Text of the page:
A: In the political context of Laos, the term human rights campaigner is often misunderstood or construed as someone who challenges and opposes the government’s policies or way of doing things. This is why I object when he is depicted that way, because this will only cause more difficulties for him. Sombath has never challenged or opposed any of the government’s publicly stated policies or laws. Most of them are very reasonable and admirable if you read any of the public statements. What he does only tries to put the government’s policies and laws into practice.
Q: What is the thing you miss about your husband most?
A: His companionship, his love, his kindness, and his humor. He has a quiet humor that many people do not see or know unless they spend time with him. For me his absence feels like half of me is missing.
Q: We all know that this is a harsh time for you and that you must be struggling with these feelings. How do you stay strong during these hard times? How are you getting through this?
A: Hoping and believing that he will come home is what gives me the strength to continue and go on.
Q: Could you share your love story with us: how you met, when you fell in love, and when you knew he was the one you were going spend the rest of your life with? What did you like about him? When and how did you decide to get married? And what did he tell you about his early life in Laos? What was it like for him growing up? What was the most difficult part for him? What encouraged him to get an education, and to go to school in the U.S.?
A: As I said, he is a farm boy. He grew up as the eldest child in a poor farming family. A lot of the responsibility of caring for the family fell on his shoulders, including cooking and taking care of his young siblings. He always says he hardly had time to play with other farm boys, as he was always having to carry a sibling in one arm while feeding another at his knee. He learned responsibility early and found joy in living surrounded by nature.
His father was strict and always made sure that he studied hard. He is intelligent and learned fast and so always did well in school. He left home early, having to go to school in another village, and then later went to Savannakhet for secondary school. Like many Lao kids going to school in another town, he had to live with other families and learned that he had to help out with the chores of the family he lived with. So doing work around the house, fetching water, cooking, and taking care of other kids is nothing new to him.
At 16 he obtained an American Field Service scholarship that took him to rural Wisconsin to study for one year in high school while living with an American family. After returning to Laos he got another scholarship, a USAID scholarship, to study at the University of Hawaii. That was where he was until 1975 when the American War ended and Laos became the People’s Democratic Republic.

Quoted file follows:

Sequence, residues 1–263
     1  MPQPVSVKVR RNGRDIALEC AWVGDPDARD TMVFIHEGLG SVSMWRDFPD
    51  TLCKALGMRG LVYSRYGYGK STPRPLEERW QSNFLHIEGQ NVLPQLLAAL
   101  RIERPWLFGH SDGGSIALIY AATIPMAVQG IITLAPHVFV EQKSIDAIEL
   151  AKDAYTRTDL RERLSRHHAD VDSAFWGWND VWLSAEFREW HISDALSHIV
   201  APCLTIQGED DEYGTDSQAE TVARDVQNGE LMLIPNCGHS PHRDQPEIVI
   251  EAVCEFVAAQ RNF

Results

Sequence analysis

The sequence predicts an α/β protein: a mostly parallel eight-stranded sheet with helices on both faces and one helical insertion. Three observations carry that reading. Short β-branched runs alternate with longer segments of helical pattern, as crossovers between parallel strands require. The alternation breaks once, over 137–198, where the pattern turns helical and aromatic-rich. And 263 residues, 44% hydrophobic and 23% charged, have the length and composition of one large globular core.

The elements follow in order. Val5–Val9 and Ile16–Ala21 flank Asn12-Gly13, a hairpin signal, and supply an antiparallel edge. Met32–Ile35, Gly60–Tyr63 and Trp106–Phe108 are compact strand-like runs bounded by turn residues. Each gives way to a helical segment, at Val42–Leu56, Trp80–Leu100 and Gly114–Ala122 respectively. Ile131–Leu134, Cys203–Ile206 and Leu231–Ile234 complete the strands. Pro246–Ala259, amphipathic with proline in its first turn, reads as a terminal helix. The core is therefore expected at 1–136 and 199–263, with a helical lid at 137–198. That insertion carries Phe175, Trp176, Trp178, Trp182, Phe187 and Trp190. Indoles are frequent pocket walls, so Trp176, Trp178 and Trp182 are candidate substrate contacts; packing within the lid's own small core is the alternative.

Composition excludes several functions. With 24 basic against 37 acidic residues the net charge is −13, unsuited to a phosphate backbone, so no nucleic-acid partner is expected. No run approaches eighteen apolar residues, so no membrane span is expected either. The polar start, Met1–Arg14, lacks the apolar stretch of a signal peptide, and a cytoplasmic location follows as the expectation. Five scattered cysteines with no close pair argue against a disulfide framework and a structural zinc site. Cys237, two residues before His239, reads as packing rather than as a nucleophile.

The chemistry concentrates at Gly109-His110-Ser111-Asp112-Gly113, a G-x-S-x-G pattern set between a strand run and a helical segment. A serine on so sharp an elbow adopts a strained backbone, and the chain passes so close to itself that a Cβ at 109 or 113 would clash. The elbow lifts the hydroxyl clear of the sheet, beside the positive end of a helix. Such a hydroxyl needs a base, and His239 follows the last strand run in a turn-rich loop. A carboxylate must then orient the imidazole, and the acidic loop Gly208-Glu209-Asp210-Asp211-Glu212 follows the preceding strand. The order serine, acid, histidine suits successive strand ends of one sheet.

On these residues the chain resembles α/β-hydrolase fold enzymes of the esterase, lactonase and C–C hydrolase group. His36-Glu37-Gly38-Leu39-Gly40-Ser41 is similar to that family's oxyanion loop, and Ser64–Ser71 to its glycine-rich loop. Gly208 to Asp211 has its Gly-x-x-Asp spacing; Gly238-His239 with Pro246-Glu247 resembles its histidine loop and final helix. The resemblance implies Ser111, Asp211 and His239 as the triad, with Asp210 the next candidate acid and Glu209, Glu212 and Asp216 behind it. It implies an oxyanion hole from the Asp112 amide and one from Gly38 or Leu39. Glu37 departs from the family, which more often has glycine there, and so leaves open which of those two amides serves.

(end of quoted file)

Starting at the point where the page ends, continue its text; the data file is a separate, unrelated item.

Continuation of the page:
All the time he was in the U.S studying, he had only one thought—to go home after his studies to help his family and work for his country. And this is what he did. He came back to Laos in 1978 even though many people were fleeing the country as refugees. His friends cautioned him about going back to Laos while things were still so uncertain. He told his friends that he was not from a family of the urban elite; his family were all poor farmers. None of his family had even thought about leaving Laos as refugees, so why should he? They had nothing to fear, they were just happy that there was no more war and that life could go back to normal.
Q: Tell us about Sombath personally. What is his favorite music? What are his favorite books, movies, food? What does he like to do when he’s not working? How would you describe Sombath to someone who doesn’t know him? If you were to describe him in one word, what would it be?
A: As I said, he is a simple man with simple needs. He has never known high living, so he enjoys simple things. His hobby is playing ping-pong, which he sees as a form of exercise and never as a competitive sport. He never competes. He likes to challenge himself, but is never comfortable competing for the sake of winning.
Q: You certainly knew that Laos was a communist country. Did you have concerns about moving back there with Sombath?
A: At the time we came, our only thought was what we could do to contribute whatever we could to the post-war reconstruction of the communities in Laos. We are not involved in politics, and we have no political aspirations or motives. We never felt threatened or afraid. Life was difficult, and most things were scarce and everybody was poor. But that was OK. There was no outright political persecution, no repression. The communist regime in Laos was a gentle regime compared to the repression in some of the other communist countries around.
Q: What do you think the long-term consequences of Sombath’s disappearance will be for the people of Laos, for NGO’s, and for the Lao government?
A: That is for history to judge and for the people of Laos and the NGO community to think about.